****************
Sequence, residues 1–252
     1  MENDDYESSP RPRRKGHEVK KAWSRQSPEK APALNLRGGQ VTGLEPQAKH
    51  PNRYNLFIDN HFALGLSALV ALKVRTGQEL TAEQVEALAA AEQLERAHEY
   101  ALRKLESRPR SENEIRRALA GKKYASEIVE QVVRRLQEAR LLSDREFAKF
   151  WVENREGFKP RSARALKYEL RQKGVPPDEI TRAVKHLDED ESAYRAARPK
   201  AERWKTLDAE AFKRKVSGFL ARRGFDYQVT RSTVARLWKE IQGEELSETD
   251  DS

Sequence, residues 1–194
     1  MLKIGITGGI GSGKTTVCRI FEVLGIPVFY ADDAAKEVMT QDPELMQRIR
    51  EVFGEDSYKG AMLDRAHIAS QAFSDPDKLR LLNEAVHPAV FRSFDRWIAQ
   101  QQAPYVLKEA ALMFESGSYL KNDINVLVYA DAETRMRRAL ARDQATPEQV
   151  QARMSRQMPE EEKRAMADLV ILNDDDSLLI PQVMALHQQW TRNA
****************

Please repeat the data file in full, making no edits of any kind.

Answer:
Sequence, residues 1–252
     1  MENDDYESSP RPRRKGHEVK KAWSRQSPEK APALNLRGGQ VTGLEPQAKH
    51  PNRYNLFIDN HFALGLSALV ALKVRTGQEL TAEQVEALAA AEQLERAHEY
   101  ALRKLESRPR SENEIRRALA GKKYASEIVE QVVRRLQEAR LLSDREFAKF
   151  WVENREGFKP RSARALKYEL RQKGVPPDEI TRAVKHLDED ESAYRAARPK
   201  AERWKTLDAE AFKRKVSGFL ARRGFDYQVT RSTVARLWKE IQGEELSETD
   251  DS

Sequence, residues 1–194
     1  MLKIGITGGI GSGKTTVCRI FEVLGIPVFY ADDAAKEVMT QDPELMQRIR
    51  EVFGEDSYKG AMLDRAHIAS QAFSDPDKLR LLNEAVHPAV FRSFDRWIAQ
   101  QQAPYVLKEA ALMFESGSYL KNDINVLVYA DAETRMRRAL ARDQATPEQV
   151  QARMSRQMPE EEKRAMADLV ILNDDDSLLI PQVMALHQQW TRNA